If it helps, you can consider that no-one eats food mindfully nowadays. Everyone has the odd working lunch, talks over breakfast or puts the TV on for dinner. Humans are social creatures, we’ve made food part of our interactions and whilst it’s not amazingly healthy for us to forget about how much food we’re putting into our bodies, you’re a person who can benefit from that mindset. Just concentrate on getting through the meal in these early recovery stages, maintaining a healthy weight and putting the right things into your body, and you can deal with engaging with your dinner later.
The ‘fake’ breakfast
You could try getting up early and eating a ‘fake’ breakfast, a piece of toast perhaps, then going back to sleep. You will wake up feeling like you haven’t eaten anything, but in fact you’ve been digesting food while you’re asleep. It is one method of tricking your stomach into eating when it really, really doesn’t want to.
Add a little bit to your snacks
Try taking little steps and adding just a bit to each of your snacks. Nuts are good to snack on, and they’ll boost your intake without having to eat too many.
Distractions may help
Distract yourself with entertainment while you eat. Music, TV, watching someone play a video game, reading… all of these may help a little.
Gently increase portion sizes
Could you try adding a couple of extra things to each meal, or increasing portion sizes ever so slightly? For example, if you’d normally chop up a medium carrot to have with dinner, have a large one? That way you’re looking at the same foods, and there’s only a little bit more than normal. And with snacks, if you normally grab a small banana, have a bigger one? Or, for variety and increasing nutrients, could you add something else small to your meal, such as a handful of peas as well as the carrot?
Use student cookbooks as a portion guide
You might try looking at some ‘single person’ or student cookbooks: the kind of thing that tells you how to make only one portion rather than the average cookbook which gives recipes for a family of four. That way you can see how much of everything is ‘supposed’ to be in one meal. Try and get as close to that as possible, but don’t feel bad if you find yourself using one and a half potatoes instead of two. Eventually, you can creep yourself up to the ‘proper’ portion size. If you do it slowly, you’ll find you’re only really adding a couple of chunks of this and a slice or two of this every time you make a recipe, and you’ll hardly notice the difference in size.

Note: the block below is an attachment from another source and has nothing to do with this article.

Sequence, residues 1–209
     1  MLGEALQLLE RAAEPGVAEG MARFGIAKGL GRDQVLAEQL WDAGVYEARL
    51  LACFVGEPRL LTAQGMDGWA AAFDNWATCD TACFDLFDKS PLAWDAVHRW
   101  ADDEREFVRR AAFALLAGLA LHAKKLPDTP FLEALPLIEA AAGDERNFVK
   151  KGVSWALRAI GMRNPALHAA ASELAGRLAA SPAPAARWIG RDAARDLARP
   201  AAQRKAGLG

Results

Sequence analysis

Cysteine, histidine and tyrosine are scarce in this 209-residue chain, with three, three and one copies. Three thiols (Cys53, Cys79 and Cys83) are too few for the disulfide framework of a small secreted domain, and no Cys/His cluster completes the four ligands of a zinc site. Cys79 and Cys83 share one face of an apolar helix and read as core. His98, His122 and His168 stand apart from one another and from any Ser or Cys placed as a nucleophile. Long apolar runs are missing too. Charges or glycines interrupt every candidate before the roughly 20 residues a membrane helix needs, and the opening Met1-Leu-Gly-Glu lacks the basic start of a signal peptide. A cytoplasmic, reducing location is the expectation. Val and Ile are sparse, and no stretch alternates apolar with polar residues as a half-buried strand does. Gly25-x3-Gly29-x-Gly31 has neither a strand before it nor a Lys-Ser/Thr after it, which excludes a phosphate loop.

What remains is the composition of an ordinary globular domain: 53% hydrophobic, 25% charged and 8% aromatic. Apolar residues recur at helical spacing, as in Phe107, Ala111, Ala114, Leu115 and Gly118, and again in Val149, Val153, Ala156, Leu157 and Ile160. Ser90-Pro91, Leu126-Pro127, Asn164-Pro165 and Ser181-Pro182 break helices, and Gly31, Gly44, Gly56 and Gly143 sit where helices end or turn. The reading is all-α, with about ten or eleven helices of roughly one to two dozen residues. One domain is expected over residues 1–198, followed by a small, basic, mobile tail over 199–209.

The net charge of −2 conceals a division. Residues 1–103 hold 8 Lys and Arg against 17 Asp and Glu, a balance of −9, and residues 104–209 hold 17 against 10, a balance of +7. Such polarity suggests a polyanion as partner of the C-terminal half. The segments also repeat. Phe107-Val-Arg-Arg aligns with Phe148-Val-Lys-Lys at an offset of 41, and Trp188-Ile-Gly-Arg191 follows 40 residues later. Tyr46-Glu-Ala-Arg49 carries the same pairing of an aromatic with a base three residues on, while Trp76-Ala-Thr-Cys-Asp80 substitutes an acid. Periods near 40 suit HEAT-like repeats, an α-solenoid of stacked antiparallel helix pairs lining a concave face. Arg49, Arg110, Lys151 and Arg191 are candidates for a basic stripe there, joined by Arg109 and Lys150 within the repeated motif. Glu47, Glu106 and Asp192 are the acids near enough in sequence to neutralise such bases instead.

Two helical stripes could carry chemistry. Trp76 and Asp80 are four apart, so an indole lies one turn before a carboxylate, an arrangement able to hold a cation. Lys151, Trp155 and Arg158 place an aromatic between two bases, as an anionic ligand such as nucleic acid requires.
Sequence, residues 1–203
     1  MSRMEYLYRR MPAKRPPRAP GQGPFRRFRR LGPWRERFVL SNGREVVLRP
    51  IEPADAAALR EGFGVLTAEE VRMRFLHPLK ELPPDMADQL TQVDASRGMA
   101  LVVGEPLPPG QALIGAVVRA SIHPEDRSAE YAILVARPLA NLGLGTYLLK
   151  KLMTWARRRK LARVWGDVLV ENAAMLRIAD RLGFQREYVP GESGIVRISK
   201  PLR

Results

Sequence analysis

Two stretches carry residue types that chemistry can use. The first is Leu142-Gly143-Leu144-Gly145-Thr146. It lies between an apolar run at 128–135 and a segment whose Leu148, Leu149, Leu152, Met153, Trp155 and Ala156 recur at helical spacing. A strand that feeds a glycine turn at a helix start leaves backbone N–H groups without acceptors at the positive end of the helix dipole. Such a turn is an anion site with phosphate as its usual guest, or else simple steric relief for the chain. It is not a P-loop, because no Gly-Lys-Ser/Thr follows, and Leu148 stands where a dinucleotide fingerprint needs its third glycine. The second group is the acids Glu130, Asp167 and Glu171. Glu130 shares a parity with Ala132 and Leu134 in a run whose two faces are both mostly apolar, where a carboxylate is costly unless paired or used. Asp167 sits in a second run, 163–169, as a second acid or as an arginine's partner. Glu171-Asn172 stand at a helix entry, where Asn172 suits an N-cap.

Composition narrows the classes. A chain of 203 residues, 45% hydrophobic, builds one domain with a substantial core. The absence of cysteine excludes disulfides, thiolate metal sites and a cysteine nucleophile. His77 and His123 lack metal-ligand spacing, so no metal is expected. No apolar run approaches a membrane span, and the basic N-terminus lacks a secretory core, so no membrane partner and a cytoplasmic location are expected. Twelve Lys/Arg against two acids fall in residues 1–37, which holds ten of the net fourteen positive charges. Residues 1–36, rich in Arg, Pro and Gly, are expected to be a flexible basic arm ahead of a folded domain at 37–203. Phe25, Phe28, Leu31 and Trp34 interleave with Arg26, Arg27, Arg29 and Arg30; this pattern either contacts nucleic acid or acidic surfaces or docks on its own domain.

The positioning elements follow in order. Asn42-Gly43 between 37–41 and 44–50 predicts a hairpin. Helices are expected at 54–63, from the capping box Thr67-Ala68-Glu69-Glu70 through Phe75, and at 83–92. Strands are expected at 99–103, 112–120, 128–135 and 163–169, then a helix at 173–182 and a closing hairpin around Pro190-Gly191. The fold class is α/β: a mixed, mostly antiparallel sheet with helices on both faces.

Put it on a larger plate
A portion can look too much for your hunger if it’s piled up on a really small plate. If you’re filling a small bowl with bananas and cereal, it’ll look like a lot to go through. If you’ve got a bigger bowl, it might trick your brain slightly into thinking that because there’s more space in the bowl, there’s less food there. This might help you prepare bigger portions without worrying about them, but it also might be part of why you think you’re eating a ‘full’ meal and your therapist is saying it’s not big enough. Your eyes are seeing that the plate is full, the brain thinks there is enough food on the plate and because you’re not used to a bigger portion, you’re not thinking ‘that’s not enough’ as soon as you’ve finished.
Higher calorie foods
If it’s the quantity of food that scares you, try looking at higher calorie foods.
You’re doing this for you
With so much external pressure coming on you to eat, it’s quite natural to feel resentful at times. You may give yourself a hard time if you don’t eat enough, but you may also feel like you’re only doing it because you have to. You may also feel irritated that your life seems to still be revolving around food. It’s absolutely to feel this, and you have done so well by helping yourself get this far while being brave enough to accept help from others. If you have been diagnosed with anorexia and part of a recovery plan you have already achieved so very much.